Port officials say the otter traps are set every year, but some in the community raised concerns about what happens to the animals after they’re caught.

Mark Andresen, a Kingston resident, said he noticed a port employee with a trapper setting the snares in the water last week. When Andresen asked, the employee told him the otters would be killed.

“I said, really, you’re going to just kill them?” Andresen said.

Andresen, who has had a slip at the marina for seven years, said he was shocked that the port would kill the animals just for defecating on the dock.

“It seems like the punishment didn’t fit the crime,” he said.

Port executive director Jim Pivarnik said several people objected to the traps. He emphasized that the port isn’t setting or checking the traps — the agency contracts with the U.S. Department of Agriculture’s Wildlife Services program to capture and deal with otters.

“We do have a lot of damage being done, not just pooping on the dock,” Pivarnik said. “We have otters that will move into boats and have babies, we’ll have them just making terrible messes, ripping canvas and things like that.”

Trapping otters is an annual operation for the port, according to Pivarnik, and something most marinas have to deal with. He said it’s the first time anyone has complained about the practice.

“We’ve never really had an issue with it until this year,” Pivarnik said. “It just takes one person to complain and then all of a sudden it turns into, ‘We’re killing Bambi.’”

Pivarnik suspects some people may have been confusing sea otters, which are federally protected, with river otters. River otters, which are what are being trapped in Kingston, are smaller and come ashore more often than sea otters.

Under state law, river otters are “furbearers,” meaning they can be trapped during open season with a trapping license. Killing river otters is legal if they damage property, crops or domestic animals, according to the Department of Fish & Wildlife.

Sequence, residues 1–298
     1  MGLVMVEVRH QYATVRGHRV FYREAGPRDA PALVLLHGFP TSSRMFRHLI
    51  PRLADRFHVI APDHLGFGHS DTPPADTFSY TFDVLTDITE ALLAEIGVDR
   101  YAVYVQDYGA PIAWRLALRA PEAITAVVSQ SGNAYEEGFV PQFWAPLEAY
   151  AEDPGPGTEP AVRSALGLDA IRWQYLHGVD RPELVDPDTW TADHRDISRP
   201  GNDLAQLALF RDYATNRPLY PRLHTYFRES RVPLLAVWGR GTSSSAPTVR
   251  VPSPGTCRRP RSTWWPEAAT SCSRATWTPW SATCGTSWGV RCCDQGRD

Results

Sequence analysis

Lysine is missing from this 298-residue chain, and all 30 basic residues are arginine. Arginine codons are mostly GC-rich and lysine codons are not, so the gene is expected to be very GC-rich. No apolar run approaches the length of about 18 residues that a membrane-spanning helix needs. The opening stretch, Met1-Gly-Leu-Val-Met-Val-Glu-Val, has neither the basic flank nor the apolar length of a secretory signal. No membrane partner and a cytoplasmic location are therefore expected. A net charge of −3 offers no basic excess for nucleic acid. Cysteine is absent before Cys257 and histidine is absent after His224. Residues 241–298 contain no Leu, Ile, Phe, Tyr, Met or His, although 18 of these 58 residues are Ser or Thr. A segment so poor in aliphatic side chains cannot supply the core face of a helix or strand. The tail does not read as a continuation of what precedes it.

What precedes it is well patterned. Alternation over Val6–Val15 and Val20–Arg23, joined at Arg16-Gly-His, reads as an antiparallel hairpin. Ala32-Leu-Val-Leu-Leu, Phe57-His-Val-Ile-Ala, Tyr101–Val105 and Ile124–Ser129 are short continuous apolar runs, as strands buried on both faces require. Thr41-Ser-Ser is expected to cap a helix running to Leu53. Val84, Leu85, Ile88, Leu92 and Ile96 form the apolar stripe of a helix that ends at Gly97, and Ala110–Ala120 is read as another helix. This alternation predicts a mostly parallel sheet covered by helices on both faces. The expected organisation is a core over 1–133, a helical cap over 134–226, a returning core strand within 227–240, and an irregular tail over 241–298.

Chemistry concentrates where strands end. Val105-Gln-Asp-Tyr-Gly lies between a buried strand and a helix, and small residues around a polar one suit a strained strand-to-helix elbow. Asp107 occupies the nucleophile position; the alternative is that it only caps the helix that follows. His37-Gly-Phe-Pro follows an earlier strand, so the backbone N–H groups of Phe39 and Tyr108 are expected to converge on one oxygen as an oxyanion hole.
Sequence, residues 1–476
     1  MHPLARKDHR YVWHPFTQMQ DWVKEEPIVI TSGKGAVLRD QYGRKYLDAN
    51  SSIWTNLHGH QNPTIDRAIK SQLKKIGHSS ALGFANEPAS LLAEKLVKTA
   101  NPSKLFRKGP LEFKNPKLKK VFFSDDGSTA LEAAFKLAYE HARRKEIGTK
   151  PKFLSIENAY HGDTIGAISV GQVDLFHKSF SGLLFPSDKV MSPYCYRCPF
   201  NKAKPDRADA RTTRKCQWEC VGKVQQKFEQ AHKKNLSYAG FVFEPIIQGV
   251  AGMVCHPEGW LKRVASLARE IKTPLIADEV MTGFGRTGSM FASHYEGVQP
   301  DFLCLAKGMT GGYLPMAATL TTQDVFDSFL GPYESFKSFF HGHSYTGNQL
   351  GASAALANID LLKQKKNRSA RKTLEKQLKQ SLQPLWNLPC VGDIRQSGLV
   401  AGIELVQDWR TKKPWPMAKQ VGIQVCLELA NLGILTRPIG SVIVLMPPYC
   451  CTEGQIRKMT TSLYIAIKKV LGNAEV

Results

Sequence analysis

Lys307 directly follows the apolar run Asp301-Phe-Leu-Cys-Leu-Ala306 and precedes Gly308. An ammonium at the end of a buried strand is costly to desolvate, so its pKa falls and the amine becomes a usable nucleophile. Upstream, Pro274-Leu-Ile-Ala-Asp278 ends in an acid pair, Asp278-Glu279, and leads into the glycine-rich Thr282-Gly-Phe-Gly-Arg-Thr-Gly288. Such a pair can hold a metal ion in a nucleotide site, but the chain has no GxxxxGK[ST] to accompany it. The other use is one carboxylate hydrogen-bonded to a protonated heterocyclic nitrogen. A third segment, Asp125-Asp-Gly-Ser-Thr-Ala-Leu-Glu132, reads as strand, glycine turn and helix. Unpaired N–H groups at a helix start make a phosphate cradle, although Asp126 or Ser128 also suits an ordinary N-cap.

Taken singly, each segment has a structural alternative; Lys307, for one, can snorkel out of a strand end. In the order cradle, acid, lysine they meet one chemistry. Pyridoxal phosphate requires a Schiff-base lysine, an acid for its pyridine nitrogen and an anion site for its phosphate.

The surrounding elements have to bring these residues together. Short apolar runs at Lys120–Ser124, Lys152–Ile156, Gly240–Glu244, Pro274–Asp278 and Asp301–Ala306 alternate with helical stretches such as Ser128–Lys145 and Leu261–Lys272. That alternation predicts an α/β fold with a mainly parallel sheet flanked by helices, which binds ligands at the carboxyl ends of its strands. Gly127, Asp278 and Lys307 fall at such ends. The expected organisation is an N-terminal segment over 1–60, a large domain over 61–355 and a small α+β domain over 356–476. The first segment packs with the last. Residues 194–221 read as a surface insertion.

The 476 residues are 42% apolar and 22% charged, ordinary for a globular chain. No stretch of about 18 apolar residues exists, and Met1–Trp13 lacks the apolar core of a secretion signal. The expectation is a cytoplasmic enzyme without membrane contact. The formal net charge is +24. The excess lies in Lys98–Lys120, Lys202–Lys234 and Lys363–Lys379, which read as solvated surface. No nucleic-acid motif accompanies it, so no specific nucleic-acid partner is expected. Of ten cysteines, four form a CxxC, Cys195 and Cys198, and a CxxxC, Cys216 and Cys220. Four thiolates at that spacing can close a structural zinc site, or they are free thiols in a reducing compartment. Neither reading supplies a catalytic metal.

Trapping otters should be a last resort, according to Matt Blankenship, a wildlife conflict specialist with the state. But it can be a more reliable method in commercial areas — nonlethal methods like scare tactics or barriers don’t work as well in marinas because of the elusiveness of the animal.

“You can deploy some of these nonlethal techniques out there, but often they’ll move around and its harder to do that,” Blankenship said.

According to USDA data, 64 river otters were intentionally killed or euthanized in Washington state in 2016. Two otters have been killed at the Kingston Marina this year, according to Pivarnik.

Kingston isn’t the only marina in Kitsap that has an issue with river otters.

The Port of Poulsbo hires a private professional trapper every few years to catch and relocate them to the Olympic Peninsula, according to port manager Brad Miller.

“They just make a nuisance of themselves, they defecate all over the place, they can actually be destructive …. some of the boathouses that have the old foam flotation, they will tear that up,” Miller said.

At the Brownsville Marina, river otters are “absolutely” a problem, interim port manager Matt Appleton said. Otters have chewed holes in docks, nested in boats and chased people around the marina. At some point, it becomes a safety problem.

“They get into people’s boathouses, they do all kinds of physical damage,” Appleton said.

The Port of Brownsville also pays the USDA to trap the animals every year, but Appleton said he isn’t sure what the agency does with them once they’ve been caught.

“As long as they leave here, I’m not concerned with what happens,” he said.

In contrast, Port of Bremerton officials don’t hear many otter complaints at the Bremerton and Port Orchard marinas. The port had contracted with the USDA for a trap and release program in the past, but most boaters know that dealing with otters is part of boat ownership, port manager Kathy Garcia said.

That’s how Andresen, the Kingston Marina boater, feels.

“You take a hose and you spray it (the poop) off. … If you have a boat then that’s part of the deal, it comes with the territory,” Andresen said.

Because of the complaints from Andresen and others, the Port of Kingston asked the USDA to swap to “live” traps earlier this week, Pivarnik said. But he said he isn’t sure what will be done with the otters once they are caught.

Some boaters voiced objections because they thought the carcasses of the otters were being wasted, but Andresen thinks they shouldn’t be being killed at all.